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. Last Updated: 07/27/2016

Iron Lady Hammers On Major

LONDON -- Margaret Thatcher launched a withering attack Thursday on her successor as Britain's prime minister, John Major, for failing to carry the flame of her Conservative right-wing revolution.


In a speech bound to heighten tensions in a deeply divided ruling party, Thatcher dismissed as "baloney" the idea that the Conservatives were in political trouble because they had lurched to the right.


"We are unpopular, above all, because the middle classes -- and all those who aspire to join the middle classes -- feel that they no longer have the incentives and opportunities they expect from a Conservative government," Thatcher said in her first major domestic speech since she was ousted in November 1990.


Thatcher was delivering a memorial lecture in honor of Keith Joseph, one of her longest-serving cabinet members and a political mentor, to a right-wing think tank in London.


Her return to the political fray comes as the Conservatives agonize over how to claw back the Labour party's huge poll lead in time for the next election, now no more than 16 months away.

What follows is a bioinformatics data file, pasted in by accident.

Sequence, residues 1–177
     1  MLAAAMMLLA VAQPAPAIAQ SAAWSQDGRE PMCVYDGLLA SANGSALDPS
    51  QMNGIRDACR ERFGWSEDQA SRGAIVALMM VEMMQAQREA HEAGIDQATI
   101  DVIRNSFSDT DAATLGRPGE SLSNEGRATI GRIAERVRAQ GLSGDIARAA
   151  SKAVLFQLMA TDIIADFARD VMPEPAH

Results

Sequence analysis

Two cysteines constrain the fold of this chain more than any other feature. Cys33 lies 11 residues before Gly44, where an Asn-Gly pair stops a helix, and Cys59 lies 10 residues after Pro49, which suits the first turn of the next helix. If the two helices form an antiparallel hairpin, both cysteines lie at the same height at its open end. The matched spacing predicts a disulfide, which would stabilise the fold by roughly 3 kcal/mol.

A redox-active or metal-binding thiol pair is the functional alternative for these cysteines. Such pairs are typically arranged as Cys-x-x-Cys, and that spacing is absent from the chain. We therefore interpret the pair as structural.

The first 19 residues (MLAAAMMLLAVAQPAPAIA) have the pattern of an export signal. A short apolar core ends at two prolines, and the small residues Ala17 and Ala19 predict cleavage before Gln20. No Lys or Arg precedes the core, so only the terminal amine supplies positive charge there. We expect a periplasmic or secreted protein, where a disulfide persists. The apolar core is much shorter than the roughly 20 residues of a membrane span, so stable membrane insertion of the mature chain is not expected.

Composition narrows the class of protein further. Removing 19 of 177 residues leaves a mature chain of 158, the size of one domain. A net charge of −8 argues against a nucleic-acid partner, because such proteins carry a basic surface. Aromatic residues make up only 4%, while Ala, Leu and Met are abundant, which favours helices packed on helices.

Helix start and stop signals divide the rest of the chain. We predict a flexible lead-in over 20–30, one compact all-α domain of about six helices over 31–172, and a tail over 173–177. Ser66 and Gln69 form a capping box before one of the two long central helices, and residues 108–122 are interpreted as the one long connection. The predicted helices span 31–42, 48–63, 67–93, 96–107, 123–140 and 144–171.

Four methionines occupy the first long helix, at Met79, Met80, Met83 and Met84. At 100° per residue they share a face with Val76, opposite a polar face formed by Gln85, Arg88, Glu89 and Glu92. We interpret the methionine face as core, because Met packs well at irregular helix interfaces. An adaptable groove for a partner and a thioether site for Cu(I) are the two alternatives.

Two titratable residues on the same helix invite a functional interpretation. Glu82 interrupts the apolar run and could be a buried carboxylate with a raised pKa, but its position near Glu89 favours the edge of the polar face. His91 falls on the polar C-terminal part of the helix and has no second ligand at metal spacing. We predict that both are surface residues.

A poll in Thursday's Guardian newspaper showed just 26 percent of voters supported the Conservatives, down from 31 percent in December. Labour stayed steady at 48 percent.


In her typically forthright manner, Thatcher said it would make no political or economic sense for the Conservatives to try to fight Labour leader Tony Blair on the center ground he has all but made his own.


"Certainly anyone who believes that salvation is to be found further away from the basic Conservative principles which prevailed in the 1980s -- small government, a property-owning democracy, tax cuts, deregulation and national sovereignty -- is profoundly mistaken," Thatcher said.


Thatcher, widely known as the Iron Lady, admitted that some discontent was inevitable when a party had been in power so long.


"A constant struggle is required to ensure that long-serving governments don't run out of steam. I always regarded it as necessary to combine my role as prime minister with that of chief stoker so as to keep up the pressure," Thatcher said.


But, without naming him, Thatcher implied that Major had to carry the blame for veering from the trail she blazed during her 11 years as prime minister.